A nice touch is the Foreword, written by Gene Salomon, a Gijón native who played in the 1947 event before emigrating first to Cuba and then to the United States.
The main part of the book comprises a chapter on each tournament. We get a crosstable and round by round individual scores (it would have been better if these didn’t spill over the page: you might also think that progressive scores would be more useful). We then have, another nice touch, a summary of what was happening in the world at large, and in the chess world, that year. Then we have a games selection, some with light annotations: words rather than variations, giving the impression that little if any use was made of engines.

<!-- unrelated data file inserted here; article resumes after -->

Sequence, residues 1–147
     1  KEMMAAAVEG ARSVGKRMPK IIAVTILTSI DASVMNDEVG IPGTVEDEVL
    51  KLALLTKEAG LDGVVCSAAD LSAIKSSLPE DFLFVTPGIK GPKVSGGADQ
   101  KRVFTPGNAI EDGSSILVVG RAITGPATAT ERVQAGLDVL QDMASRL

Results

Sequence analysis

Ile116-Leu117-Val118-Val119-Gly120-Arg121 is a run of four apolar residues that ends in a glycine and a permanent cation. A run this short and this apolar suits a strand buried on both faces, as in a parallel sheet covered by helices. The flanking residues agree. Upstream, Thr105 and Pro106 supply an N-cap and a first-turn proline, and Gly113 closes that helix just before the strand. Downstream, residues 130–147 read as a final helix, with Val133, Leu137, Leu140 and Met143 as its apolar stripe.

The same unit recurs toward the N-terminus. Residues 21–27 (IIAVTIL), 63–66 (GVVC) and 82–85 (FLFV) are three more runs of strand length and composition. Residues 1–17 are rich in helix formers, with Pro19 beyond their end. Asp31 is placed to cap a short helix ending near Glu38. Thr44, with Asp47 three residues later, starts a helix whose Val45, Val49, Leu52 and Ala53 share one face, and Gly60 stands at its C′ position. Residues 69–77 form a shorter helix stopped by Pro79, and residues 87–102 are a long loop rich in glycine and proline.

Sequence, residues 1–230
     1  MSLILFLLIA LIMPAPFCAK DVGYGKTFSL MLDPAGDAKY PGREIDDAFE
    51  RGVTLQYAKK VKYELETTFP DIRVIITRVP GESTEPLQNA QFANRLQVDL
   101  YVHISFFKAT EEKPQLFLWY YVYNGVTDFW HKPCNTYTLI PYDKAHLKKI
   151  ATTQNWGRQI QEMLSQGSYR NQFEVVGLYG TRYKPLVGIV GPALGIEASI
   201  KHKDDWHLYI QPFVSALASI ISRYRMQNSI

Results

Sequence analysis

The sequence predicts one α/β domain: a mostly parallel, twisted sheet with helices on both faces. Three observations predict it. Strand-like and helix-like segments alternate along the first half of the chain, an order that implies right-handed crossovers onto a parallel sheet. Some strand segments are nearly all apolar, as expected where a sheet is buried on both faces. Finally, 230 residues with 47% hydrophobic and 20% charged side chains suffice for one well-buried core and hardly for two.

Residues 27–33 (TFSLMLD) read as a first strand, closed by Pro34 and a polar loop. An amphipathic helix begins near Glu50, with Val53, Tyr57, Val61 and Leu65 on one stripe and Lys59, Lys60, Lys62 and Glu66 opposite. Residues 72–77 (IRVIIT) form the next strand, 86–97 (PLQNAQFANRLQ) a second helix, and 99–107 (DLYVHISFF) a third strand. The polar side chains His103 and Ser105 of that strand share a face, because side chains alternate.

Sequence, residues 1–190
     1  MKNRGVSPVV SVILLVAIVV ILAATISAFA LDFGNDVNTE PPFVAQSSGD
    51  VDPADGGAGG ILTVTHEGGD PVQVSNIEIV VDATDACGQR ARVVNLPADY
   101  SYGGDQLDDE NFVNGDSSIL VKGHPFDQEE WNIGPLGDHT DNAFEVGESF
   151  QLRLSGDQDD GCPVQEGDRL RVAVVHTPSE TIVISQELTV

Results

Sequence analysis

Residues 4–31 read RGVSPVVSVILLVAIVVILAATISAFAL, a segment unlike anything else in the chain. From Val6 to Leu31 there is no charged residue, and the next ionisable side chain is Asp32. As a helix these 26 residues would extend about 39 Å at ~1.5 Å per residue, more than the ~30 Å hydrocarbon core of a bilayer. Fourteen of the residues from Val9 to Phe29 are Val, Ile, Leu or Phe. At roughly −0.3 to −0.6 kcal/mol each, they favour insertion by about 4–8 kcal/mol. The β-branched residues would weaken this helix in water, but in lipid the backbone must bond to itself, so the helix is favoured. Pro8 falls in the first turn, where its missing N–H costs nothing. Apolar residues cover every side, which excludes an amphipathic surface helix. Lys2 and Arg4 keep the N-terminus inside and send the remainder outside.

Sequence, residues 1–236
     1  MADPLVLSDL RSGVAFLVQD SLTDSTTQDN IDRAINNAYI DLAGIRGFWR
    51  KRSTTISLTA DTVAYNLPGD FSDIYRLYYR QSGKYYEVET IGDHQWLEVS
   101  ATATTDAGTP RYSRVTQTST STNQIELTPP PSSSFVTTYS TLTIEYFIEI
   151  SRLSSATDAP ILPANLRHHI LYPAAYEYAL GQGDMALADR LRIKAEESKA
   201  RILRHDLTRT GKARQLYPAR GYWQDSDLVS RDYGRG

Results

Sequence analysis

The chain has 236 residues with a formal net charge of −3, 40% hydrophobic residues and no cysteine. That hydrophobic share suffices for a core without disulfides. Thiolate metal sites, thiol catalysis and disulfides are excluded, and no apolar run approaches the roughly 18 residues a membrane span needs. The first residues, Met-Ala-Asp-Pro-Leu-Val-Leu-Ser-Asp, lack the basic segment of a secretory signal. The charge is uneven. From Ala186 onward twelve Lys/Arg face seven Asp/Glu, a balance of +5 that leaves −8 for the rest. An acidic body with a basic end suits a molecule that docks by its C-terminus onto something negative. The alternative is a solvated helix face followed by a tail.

The book concludes with a chapter on ‘Special Personages’: Félix Heras, the tournament organizer, and, perhaps to entice British readers, BH Wood. Appendices provide a table of tournament participation and biographical summaries of the players.
Returning to the main body of the book, let’s take the 1950 tournament as a not entirely random example. A year in which I have a particular interest.
We learn a little about the football World Cup, the Korean War and a Spanish radio programme, the first Candidates Tournament and the Dubrovnik chess olympiad.
The big news from Gijón was the participation of the French player Chantal Chaudé de Silans, the only female to take part in these events, and rather unfairly deprived of her acute accent here. She scored a respectable 3½ points, beating Prins and Grob (yes, the 1. g4 chap).
Rossolimo won the event with 8½/11, just ahead of Dunkelblum and Pomar on 8. Prins and Torán, playing in his home city, finished on 7 points.
This game, between Arturo Pomar and Henri Grob, won the first brilliancy prize.